Google Toilet Locator Aims to Curb India's Public Poo Problem

Nearly 620 million people in India defecate in the open, but Google's Toilet Locator is trying to change that.

Millions of people in India dodge human excrement in the street on a daily basis, while at the same time trying to avoid the horrible smell that permeates the air. Enter: The Google Toilet Locator.

Within the next 15 days, India's Ministry of Urban Development plans to launch the Google Toilet Locator in partnership with the tech giant, allowing people in India to find the nearest clean toilet using Google Maps on their phone. The technology is based on crowdsourcing, similar to the way apps like Yelp provide information on restaurants.

Nearly 620 million people in India defecate in the open, which has significantly contributed to water contamination, causing an ongoing public health crisis. Drinking water with fecal bacteria can cause diarrhea among other illnesses, something that's especially dangerous in children because it can result in malnutrition and even death.

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Open-defecation has been a common practice for centuries, not only in India but in other countries as well. "Open defecation is both a historic and a contemporary practice in settings throughout the world," Korydon Smith, a professor of architecture in the University at Buffalo School of Architecture and Planning, told Seeker. "It has gained attention in India because of the size and density of many cities along with global and nationwide efforts to be "open-defecation-free."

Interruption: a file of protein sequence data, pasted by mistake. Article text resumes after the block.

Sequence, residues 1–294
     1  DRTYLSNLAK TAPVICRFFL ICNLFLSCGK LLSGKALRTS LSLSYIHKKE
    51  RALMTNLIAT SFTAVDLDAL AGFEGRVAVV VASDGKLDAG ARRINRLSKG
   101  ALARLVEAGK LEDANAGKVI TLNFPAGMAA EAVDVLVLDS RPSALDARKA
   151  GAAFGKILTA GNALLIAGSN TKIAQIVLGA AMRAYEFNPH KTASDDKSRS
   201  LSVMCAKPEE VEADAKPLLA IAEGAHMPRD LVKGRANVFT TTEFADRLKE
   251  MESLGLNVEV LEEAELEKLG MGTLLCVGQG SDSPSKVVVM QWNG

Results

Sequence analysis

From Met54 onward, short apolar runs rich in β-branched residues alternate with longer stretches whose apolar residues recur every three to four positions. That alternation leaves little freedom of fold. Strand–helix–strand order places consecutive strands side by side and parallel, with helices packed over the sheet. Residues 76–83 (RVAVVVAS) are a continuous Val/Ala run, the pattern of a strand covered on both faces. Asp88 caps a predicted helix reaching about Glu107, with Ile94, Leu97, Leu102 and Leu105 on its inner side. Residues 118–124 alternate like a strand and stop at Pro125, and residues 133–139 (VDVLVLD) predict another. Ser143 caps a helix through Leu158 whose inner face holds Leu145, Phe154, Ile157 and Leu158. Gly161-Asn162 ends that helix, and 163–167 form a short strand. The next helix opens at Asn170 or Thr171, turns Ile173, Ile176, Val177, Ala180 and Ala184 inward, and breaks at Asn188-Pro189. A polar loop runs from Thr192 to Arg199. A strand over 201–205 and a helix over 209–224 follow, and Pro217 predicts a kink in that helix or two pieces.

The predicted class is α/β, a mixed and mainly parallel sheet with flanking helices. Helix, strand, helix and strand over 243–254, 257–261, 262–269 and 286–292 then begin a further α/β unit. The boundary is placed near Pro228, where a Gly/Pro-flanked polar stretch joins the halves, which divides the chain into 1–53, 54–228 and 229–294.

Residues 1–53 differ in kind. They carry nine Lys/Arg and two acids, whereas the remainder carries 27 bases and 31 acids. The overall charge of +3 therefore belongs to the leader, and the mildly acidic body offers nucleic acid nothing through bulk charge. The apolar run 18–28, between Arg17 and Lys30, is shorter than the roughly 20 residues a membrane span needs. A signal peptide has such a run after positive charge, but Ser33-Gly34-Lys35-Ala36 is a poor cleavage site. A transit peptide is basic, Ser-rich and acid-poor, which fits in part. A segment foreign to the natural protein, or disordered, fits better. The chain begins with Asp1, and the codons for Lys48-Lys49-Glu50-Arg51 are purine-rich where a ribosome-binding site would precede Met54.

According to UNICEF, access to toilets in India is increasing, but for the poorest 20 percent of the country, open-defecation is essentially the norm.

"There are a number of barriers that impede the transition to the use of private and communal toilets and latrines," Smith said. "Lack of funds, know-how, and space for constructing latrines, the need for maintenance, a transformation of cultural norms, and other factors hinder adoption."

In 2014, UNICEF India launched the Poo2Loo campaign to raise awareness about the problem. They produced an animated YouTube video that detailed one Indian man's daily run-ins with poo, from morning to night.

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While the video is lighthearted and funny, it also brought some serious concerns to light. Many people in India may recognize that public defecation is a problem but they don't understand exactly why. The video fills in some information gaps by showing how fecal matter can pollute water systems, putting everyone's health at risk.

The Poo2Loo campaign has since ended, but the launch of the Toilet Locator indicates that sanitation progress is being made. The technology will be piloted in India's National Capital Region (NCR), but in time the government plans to give the entire country access. A MoUD official told the IB Times, "Mechanisms are in place for the facility to be scaled up, and for it to reach all the 2,041 urban local bodies of the country."

Smith agrees that the Toilet Locator is a good resource for urban areas, but stresses that technology cannot solve India's sanitation problem all together.

"The Google Toilet Locator might add to the toolkit and make a difference in some urban settings... but it cannot overcome situations where latrines are sparse, such as rural settings, where restrooms are not well maintained, or where toilets are not accessible to people with disabilities or secure for women and girls," he said. "Meeting the needs of vulnerable populations like older adults and young children is a majority priority in order to fulfill the UN goal of 'clean sanitation for all.'"

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